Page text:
Column: 20 years have passed since India and Pakistan engaged in rivalry of nuclear tests

Citizens of India and Pakistan, looking on from their seats as spectators, cheered as the border guards from these nations marched and stamped their feet in a loud, threatening display toward one another. I remember feeling taken aback that these spectators were so enthusiastic, as if they were watching a sporting event. This is my memory of the visit I paid, more than a decade ago, to the border that divides these two nations.

Each evening, people can watch the ceremony involving the border guards of both nations as they take down their own nation’s flag. Because India and Pakistan once made up one country, the soldiers are similar in both their appearance and in their dress. But even though they momentarily and perfunctorily shake hands, they never exchange words. Since their partition and independence, the two nations have waged war three times, and still clash over territorial disputes.

Twenty years have now passed since India and Pakistan pressed ahead with their succession of nuclear tests. This rivalry created a new risk of nuclear war, which had seemed to fade after the collapse of the Soviet Union, and the world was shaken anew. But both nations have persistently made the claim that nuclear deterrence is needed and they have been unwilling to compromise. During this time, the number of nuclear warheads they hold has doubled.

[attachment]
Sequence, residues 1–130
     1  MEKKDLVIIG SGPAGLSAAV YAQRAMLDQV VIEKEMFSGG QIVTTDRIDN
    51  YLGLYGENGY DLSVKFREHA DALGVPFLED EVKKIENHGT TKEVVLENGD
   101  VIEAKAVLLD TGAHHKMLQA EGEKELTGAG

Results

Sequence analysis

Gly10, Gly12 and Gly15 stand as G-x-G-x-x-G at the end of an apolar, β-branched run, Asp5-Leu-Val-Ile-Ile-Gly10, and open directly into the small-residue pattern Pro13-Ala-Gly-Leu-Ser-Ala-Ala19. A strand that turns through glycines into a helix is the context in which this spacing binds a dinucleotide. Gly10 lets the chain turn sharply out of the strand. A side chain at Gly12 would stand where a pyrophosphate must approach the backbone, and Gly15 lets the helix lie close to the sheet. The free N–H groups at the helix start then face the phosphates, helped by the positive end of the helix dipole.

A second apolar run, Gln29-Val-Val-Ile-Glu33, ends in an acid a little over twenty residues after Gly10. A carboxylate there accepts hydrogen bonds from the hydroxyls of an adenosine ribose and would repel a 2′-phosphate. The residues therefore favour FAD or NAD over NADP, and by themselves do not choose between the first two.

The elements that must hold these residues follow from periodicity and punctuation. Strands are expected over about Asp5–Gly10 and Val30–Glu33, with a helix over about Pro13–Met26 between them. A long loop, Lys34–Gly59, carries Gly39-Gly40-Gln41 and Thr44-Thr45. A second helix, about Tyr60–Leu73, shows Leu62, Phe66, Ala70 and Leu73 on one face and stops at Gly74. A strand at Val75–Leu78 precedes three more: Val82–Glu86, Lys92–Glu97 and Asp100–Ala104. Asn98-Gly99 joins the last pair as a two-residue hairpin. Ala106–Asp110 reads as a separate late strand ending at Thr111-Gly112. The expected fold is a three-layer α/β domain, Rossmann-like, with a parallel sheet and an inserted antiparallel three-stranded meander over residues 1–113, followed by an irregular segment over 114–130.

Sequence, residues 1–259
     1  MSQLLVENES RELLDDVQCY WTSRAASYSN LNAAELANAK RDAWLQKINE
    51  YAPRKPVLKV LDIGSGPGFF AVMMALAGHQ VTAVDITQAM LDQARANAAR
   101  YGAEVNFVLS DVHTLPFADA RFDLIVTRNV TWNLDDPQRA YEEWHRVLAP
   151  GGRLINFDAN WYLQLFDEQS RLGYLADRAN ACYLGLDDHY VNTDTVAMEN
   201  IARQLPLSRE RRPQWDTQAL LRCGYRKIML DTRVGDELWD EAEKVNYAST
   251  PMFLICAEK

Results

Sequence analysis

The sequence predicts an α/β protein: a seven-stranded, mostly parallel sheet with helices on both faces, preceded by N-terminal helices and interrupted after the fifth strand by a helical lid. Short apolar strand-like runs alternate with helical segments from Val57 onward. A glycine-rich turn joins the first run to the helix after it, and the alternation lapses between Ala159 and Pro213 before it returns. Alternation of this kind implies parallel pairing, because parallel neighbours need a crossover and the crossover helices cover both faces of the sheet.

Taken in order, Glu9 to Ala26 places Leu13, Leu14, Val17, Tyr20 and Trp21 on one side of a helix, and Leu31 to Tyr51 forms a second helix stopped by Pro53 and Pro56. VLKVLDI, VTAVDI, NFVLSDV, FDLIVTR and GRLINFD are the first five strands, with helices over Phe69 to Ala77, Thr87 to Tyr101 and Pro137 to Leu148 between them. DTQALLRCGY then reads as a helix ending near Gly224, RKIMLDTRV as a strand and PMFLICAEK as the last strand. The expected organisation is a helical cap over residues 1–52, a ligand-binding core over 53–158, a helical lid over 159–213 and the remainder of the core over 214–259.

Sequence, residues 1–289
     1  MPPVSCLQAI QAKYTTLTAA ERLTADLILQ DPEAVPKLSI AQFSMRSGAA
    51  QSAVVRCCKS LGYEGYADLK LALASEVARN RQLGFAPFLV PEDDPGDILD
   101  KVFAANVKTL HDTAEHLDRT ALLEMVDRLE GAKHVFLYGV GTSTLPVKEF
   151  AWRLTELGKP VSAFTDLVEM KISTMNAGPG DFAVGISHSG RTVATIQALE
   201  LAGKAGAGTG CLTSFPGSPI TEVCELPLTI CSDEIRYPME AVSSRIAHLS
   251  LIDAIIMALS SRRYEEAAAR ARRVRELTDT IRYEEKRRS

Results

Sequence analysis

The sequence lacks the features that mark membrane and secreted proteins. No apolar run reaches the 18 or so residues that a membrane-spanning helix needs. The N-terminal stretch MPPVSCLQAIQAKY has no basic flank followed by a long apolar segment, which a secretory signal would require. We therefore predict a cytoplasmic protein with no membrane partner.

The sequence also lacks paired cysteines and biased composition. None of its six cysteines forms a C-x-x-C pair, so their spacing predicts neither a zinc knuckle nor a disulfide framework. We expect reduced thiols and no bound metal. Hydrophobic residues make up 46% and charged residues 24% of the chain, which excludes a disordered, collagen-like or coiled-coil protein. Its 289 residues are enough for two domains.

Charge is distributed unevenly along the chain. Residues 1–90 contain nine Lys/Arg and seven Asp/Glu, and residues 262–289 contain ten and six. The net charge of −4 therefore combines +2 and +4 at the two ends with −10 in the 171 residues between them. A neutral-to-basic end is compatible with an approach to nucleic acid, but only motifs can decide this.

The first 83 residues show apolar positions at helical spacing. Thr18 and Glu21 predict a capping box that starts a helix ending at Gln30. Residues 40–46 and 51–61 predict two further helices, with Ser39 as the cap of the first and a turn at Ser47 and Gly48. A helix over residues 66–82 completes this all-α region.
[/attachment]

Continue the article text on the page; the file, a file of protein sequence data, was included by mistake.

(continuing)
The developed nations of the world bear heavy responsibility for these current circumstances. After the nuclear tests, the United States imposed sanctions on India and Pakistan. But then, in response to the terrorist attacks of September 11, 2001, it put priority on operations targeting terrorist activities against the United States. In addition, the other nuclear powers turned a blind eye to the nuclear development efforts being made in India and Pakistan. Japan, the A-bombed nation, has also pushed forward with a nuclear deal to sell its nuclear energy technology to India.

Jawaharlal Nehru, the late Indian prime minister, once said, “All the nations and peoples are too closely knit together today for any one of them to imagine that it can live apart. Peace has been said to be indivisible, so is freedom, so is prosperity now, and so also is disaster in this one world that can no longer be split into isolated fragments.” Mr. Nehru was a leader of the non-aligned nations, which included Pakistan, and campaigned for nuclear abolition during the Cold War era. If both nations continue clinging to a policy of prioritizing their domestic interests above all else, the road to realizing a world without nuclear weapons will be long indeed.

(Originally published on May 31, 2018)